What's the story? Branding Hurley Medical Center

Guest post by Andrea J. Simon, Ph.D., former marketing, branding and culture change senior vp at Hurley Medical Center in Flint, Mich. I have had several requests to share my experiences as interim...

Study: 'White coat' hypertension may alter treatment decisions

Physicians have known about the "white coat hypertension" phenomenon for decades, but new research suggests that patient nervousness in the office may be dramatic enough to falsely diagnose some patients with high blood pressure, the New York Times reported. The implications of elevated blood-pressure readings affect treatment decisions as well as practices' tracking of quality metrics under systems of pay-for-performance.

3 ways to maximize face time with patients

For many physicians, patient panels grow longer while visit lengths shrink. This reality not only causes serious physician stress, it also compromises the patient relationship and even lead physicians to miss important clues about their patients' health.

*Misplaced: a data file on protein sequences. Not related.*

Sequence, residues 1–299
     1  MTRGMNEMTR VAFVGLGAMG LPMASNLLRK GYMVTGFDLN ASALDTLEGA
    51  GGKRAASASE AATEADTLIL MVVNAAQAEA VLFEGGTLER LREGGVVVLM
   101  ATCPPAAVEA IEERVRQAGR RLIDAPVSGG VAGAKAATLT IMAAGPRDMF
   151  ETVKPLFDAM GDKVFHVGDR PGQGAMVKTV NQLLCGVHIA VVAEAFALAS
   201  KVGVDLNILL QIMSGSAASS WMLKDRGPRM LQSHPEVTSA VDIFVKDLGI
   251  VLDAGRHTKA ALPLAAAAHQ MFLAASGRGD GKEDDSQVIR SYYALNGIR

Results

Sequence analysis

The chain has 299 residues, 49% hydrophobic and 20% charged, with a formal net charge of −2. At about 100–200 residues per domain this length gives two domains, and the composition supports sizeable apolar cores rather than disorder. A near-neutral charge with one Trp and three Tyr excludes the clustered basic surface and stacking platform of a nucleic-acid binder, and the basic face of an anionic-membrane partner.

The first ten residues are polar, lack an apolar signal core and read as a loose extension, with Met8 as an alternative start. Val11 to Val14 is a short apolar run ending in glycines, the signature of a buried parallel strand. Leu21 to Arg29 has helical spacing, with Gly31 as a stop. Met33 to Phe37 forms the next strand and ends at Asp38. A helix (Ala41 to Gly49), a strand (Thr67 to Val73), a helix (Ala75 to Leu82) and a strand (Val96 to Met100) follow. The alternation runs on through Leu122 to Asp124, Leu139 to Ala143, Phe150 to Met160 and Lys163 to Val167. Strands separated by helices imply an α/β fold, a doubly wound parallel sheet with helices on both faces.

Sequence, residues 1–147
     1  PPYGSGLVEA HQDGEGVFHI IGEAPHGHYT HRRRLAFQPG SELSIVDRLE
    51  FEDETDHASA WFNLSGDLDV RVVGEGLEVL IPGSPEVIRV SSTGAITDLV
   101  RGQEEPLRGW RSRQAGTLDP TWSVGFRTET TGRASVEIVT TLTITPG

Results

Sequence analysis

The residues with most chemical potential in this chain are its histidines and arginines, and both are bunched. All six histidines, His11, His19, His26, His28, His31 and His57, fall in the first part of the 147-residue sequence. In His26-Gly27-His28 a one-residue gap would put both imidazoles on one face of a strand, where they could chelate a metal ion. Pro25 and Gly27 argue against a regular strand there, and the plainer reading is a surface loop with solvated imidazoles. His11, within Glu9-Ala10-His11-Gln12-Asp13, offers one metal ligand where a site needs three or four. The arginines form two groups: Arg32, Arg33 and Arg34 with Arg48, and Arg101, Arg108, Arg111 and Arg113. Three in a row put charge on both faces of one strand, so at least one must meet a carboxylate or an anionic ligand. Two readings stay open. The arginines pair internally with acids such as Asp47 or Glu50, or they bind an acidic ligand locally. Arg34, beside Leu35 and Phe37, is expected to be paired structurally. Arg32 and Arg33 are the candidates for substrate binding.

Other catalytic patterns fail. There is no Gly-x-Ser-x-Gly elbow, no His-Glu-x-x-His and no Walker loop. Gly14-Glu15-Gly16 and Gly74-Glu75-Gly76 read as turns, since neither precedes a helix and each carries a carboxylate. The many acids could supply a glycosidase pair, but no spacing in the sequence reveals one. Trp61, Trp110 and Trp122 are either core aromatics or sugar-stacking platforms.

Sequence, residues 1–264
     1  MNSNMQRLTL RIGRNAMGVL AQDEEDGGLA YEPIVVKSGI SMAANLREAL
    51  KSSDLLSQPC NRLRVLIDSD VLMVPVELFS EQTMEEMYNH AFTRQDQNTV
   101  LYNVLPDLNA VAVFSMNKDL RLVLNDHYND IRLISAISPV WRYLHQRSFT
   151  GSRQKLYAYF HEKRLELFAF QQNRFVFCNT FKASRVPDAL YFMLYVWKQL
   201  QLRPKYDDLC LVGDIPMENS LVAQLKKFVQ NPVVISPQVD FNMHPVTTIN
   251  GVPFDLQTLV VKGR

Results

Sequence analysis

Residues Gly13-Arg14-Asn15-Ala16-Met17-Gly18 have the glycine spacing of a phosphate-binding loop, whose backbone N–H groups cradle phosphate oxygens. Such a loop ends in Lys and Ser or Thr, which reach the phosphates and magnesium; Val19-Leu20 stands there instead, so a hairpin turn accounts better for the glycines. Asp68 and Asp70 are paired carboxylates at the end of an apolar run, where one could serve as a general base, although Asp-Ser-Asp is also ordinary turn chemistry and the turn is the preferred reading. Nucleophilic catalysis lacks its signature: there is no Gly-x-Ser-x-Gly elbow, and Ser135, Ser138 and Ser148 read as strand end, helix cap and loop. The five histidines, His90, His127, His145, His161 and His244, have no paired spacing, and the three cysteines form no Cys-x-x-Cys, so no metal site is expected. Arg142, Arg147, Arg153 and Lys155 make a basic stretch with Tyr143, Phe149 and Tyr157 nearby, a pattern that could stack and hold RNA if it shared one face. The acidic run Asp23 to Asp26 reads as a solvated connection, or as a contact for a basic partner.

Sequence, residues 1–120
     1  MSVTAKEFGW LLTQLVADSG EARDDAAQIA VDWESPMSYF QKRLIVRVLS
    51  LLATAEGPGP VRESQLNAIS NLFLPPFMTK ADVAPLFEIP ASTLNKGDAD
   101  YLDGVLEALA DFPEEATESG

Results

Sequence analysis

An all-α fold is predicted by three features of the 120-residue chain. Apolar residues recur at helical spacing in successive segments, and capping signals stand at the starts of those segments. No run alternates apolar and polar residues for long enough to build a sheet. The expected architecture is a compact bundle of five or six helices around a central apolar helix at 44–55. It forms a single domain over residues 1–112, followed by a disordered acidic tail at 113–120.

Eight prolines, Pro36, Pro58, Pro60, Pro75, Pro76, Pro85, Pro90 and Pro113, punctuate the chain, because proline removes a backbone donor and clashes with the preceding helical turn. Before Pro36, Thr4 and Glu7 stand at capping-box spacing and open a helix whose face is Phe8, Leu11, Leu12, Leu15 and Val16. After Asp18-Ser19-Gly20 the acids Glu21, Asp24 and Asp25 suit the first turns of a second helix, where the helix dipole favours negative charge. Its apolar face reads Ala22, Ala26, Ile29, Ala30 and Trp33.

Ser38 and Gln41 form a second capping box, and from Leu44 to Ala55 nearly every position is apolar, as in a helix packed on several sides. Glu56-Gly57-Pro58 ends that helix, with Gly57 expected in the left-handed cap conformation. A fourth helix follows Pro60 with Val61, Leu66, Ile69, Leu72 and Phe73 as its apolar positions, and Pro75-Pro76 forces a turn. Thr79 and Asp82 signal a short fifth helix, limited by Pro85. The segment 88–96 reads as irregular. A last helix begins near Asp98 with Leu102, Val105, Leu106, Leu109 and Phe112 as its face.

Senate OKs yet another SGR patch, ICD-10 delay

Despite physician opposition, the Senate on Monday approved a temporary patch to the sustainable growth rate (SGR) payment formula that will prevent deep Medicare payment cuts for another year and also delays the implementation of ICD-10 to October 2015 at the earliest.

Physician burnout reaches fever pitch

Rampant professional burnout drives more doctors to sell their practices, slash their patient panels or retire early, according to an article from the Washington Post. The problem is particularly acute in primary care, where physicians manage patients' comprehensive needs, yet get as little as 11 minutes to spend with each of them.

Docs who drop insurance take on big business risks

Like many physicians who switched to cash practice, brothers Jonathan Izbicki, D.O. and Harry Izbicki, D.O., experience a rosy view of life without insurance hassles, U.S. News & World Report reported.